from Wiktionary, Creative Commons Attribution/Share-Alike License

  • n. A change in the wavelength of light, in which the wavelength is longer than when it was emitted at the source.
  • n. The statistical bias towards Republican (or Blue Dog) candidates of US federal elections whose reported results vary considerably from those indicated by voter exit polls.

from WordNet 3.0 Copyright 2006 by Princeton University. All rights reserved.

  • n. (astronomy) a shift in the spectra of very distant galaxies toward longer wavelengths (toward the red end of the spectrum); generally interpreted as evidence that the universe is expanding


red +‎ shift (Wiktionary)


  • Conversely, to achieve a certain redshift in such a universe, the light has to travel a greater distance than it would in a uniformly expanding universe, in which case the supernova has to be farther away and therefore appear dimmer.

    Archive 2009-03-01

  • The stretching makes visible light look redder, which is known as the redshift.

    George’s Cosmic Treasure Hunt

  • Edwin Hubble observed and measured the departure of galaxies using a technique known as the redshift in physics.

    Santhosh Mathew, PhD: The Mirror on the Universe Is 21 Years Old Now

  • Whether this would explain all of the redshift is another matter, but it would seem to explain redshift as having other possible causes then only recession.

    A Dark, Misleading Force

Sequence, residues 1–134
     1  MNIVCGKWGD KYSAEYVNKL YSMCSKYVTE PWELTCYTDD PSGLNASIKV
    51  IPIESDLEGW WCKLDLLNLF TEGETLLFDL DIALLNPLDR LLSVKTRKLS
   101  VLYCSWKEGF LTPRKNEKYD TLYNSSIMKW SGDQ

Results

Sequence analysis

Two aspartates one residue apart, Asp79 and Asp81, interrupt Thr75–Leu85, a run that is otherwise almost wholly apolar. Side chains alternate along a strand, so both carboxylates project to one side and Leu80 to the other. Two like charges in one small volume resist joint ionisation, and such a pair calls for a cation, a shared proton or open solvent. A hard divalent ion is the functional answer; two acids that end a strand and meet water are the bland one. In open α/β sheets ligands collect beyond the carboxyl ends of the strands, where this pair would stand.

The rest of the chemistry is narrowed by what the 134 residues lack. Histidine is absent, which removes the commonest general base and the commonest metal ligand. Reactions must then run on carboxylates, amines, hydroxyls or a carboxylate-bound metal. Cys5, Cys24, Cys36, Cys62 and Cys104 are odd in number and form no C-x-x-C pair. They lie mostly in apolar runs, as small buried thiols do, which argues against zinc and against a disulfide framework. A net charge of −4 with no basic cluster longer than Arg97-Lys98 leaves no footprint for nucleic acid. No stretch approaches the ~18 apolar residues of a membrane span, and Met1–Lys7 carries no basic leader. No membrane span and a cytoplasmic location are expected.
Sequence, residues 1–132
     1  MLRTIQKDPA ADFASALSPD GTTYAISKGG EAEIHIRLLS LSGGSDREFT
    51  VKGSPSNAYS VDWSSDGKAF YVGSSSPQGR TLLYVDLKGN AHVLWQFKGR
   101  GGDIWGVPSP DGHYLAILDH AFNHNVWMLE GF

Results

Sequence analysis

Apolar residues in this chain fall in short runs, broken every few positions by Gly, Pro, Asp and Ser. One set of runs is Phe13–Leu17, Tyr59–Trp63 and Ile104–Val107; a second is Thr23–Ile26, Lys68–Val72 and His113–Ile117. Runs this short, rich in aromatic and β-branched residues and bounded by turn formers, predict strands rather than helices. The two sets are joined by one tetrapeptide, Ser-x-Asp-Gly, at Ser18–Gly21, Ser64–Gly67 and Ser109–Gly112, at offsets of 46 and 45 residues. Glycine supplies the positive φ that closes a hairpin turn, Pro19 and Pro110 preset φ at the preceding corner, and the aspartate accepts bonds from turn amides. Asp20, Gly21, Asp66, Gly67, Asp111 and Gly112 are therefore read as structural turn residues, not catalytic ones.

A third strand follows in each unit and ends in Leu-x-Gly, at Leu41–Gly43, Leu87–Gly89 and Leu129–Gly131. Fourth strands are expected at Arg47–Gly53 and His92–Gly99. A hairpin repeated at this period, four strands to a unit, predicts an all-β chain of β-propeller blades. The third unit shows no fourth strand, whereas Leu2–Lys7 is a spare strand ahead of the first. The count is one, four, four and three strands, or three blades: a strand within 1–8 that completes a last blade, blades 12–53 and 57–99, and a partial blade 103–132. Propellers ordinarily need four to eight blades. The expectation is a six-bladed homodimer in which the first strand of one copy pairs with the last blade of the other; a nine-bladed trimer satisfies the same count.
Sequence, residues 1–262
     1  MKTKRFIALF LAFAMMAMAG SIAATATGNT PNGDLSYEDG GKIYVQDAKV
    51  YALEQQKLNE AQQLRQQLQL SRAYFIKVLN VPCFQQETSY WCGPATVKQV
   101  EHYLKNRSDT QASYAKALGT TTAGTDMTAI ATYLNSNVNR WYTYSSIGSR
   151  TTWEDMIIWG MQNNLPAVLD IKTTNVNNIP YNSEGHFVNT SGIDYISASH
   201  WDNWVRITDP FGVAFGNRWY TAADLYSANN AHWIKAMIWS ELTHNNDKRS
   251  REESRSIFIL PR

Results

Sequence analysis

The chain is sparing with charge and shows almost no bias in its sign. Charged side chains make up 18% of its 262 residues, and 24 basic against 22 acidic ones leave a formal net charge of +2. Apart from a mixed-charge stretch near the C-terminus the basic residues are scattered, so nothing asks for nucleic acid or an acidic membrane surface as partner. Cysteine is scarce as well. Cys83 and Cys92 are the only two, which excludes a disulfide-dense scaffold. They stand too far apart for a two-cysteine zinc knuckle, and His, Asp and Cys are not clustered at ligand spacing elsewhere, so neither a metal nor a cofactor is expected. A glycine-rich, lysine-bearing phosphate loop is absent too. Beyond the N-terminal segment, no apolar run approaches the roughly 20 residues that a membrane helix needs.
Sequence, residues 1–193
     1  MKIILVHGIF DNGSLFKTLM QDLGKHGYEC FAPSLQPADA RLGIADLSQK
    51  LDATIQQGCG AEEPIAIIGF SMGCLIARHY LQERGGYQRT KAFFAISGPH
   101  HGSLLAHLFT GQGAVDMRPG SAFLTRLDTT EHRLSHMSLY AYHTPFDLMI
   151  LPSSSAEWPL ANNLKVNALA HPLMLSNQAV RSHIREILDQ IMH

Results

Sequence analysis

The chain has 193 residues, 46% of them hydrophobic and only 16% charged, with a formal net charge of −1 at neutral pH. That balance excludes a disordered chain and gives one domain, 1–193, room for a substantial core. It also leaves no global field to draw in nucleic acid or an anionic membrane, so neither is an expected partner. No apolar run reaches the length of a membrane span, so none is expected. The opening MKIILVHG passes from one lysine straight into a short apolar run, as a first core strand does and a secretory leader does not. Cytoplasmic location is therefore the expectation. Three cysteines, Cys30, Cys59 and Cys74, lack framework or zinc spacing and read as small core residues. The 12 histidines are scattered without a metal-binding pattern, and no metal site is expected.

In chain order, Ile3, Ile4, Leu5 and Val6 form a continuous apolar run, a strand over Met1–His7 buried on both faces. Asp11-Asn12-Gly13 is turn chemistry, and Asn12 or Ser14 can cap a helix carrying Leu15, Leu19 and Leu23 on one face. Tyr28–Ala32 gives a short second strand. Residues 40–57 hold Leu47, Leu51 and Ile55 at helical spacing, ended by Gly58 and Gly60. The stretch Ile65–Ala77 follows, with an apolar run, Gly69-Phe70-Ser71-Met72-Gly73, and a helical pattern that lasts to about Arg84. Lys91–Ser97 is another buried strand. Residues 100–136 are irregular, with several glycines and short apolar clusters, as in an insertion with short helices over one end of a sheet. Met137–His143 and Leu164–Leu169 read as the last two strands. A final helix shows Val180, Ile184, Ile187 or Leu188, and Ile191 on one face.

• The advantages of this new method is that it goes to high redshift, that is, it looks at the expansion history of the Universe from 1. 7-6.3 in redshift.

    Evolving dark energy?

  • It has a so-called redshift of 6.29, which translates to a distance of about 13 billion light-years from Earth.

    Cosmic Violence

  • Astronomers measure the distance to objects in space by measuring how much their light is stretched toward the red end of the light spectrum, a factor known as "redshift."

    Yahoo! News: Business - Opinion

  • Astronomers measuring the age of starlight look for something called redshift: the farther that light travels, the longer and "redder" become its wavelength. | Top Stories

  • The spectrograph also allowed scientists to pin down the galaxy's so-called redshift, a measure of how fast the galaxy and Earth were moving away from each other due to the expansion of the universe. - News

  • The speeds are known as redshift velocities, for their effect on a galaxy's spectrum.

    NYT > Home Page


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